1. Highly impressionable or unquestioning, especially in following a leader or embracing an idea: "False philosophers ... have beclouded educated but sequacious minds" (John Gardner).
2. Coherent or flowing smoothly from one part to the next: "I make these notes, but am tired of notes ... I want something sequacious now & robust" (Virginia Woolf).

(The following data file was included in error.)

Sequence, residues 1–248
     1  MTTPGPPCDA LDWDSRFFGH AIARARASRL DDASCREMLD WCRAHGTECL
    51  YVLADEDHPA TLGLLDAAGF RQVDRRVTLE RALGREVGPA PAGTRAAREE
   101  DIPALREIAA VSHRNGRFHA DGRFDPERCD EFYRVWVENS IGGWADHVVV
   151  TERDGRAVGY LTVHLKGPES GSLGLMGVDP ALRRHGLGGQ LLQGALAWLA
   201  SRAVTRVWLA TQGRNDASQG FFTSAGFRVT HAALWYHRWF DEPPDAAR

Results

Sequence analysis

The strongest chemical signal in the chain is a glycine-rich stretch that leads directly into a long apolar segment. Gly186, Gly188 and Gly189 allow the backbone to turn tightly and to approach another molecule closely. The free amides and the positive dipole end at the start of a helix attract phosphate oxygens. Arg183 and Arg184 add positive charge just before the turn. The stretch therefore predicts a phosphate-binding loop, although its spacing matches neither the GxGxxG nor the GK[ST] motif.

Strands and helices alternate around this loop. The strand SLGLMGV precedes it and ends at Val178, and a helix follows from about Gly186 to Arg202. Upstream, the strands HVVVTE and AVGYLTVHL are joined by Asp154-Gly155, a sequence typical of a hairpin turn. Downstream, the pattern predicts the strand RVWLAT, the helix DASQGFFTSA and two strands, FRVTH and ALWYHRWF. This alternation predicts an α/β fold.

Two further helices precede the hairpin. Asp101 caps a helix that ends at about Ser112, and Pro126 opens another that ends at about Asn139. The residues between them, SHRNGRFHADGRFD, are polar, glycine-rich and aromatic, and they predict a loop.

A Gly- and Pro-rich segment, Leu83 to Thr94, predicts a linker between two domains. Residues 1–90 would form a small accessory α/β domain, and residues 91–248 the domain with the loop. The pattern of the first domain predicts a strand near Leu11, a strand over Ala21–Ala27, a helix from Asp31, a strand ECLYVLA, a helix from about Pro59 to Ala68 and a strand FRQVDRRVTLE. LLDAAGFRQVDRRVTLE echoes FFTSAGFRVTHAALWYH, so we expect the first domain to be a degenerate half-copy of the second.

[From Latin sequāx, sequāc-, pursuing, from sequī, to follow; see sekw-1 in the Appendix of Indo-European roots.]
se·quaci·ty (-kwăsĭ-tē) n.
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